2022 Was the Year We Lost It

Americans have been hanging on by a thread for a while now. But this was…



Daniele Castellano

Lately, everyone seems to be mad — all the time. There’s a lot to be angry about in the world, sure, but some crucial layer of emotional regulation has disappeared. It’s as if our collective gears have been stripped by the isolation and unspooling of the last few years. Now, every little slight or irritation or insult or frustration has become occasion for a temper tantrum. Maybe it’s a sent-back, an improperly-egged omelet at the New York establishment Balthazar, or banning the person who tracks your private jet from the social network you own– and the whole world pays attention to the petty grievance and reaction for a few days. (A fixation that suggests that there’s a societal fascination — equal parts envious and despising — with unfettered expressions of rage.)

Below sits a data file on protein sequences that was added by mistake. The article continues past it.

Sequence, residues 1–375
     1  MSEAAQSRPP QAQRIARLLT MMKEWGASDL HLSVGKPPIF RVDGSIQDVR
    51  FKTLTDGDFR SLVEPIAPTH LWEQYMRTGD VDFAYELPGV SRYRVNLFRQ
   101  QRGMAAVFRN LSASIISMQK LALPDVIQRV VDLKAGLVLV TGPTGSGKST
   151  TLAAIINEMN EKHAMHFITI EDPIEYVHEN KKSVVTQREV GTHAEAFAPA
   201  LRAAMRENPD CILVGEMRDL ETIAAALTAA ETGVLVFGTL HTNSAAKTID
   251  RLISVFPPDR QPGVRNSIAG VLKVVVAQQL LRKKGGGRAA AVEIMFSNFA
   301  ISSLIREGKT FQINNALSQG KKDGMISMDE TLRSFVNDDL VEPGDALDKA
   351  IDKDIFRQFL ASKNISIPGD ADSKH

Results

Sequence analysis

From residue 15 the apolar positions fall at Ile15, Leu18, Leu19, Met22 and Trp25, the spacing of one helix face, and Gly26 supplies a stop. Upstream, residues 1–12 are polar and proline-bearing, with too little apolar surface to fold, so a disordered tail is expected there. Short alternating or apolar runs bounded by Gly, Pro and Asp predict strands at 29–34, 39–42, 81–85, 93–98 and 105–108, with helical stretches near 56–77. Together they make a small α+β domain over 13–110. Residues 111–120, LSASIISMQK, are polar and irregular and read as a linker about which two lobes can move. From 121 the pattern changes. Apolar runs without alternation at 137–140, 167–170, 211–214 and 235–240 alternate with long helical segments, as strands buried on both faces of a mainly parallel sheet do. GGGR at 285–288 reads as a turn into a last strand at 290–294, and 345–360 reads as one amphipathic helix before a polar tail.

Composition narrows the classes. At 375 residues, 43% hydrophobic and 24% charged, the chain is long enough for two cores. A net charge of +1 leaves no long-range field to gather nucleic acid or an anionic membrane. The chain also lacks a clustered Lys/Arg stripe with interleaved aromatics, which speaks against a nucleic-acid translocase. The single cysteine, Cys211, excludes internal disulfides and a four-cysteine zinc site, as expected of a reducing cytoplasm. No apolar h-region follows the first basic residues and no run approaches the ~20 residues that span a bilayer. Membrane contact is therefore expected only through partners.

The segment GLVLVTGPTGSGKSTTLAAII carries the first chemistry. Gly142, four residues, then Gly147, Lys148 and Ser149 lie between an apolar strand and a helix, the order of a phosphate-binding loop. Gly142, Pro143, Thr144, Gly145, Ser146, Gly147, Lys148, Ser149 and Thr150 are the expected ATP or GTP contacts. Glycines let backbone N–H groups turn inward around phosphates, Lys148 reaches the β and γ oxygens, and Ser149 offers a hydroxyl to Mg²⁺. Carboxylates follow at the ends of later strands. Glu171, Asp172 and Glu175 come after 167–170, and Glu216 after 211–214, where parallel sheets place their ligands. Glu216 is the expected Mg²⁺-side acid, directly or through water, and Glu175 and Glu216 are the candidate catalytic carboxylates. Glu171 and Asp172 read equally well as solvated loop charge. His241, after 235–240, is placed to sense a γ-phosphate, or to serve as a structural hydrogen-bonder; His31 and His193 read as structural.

But this new anger has infused our private lives as well. At work, at home, in our DMs and our social media feeds, changing our marriages and friendships and even our bodies. This was a year in which the collective mood was shaped by a steady hum of rage. We’ve set out to explore what that meant for our culture, and our relationships. There’s even a quiz about what gets you riled up. If you don’t like the results, try not to get mad.

Daniele Castellano

Design and development by Shannon Lin. Art direction by Tonya Douraghy and Elana Schlenker. Illustrations by Daniele Castellano.

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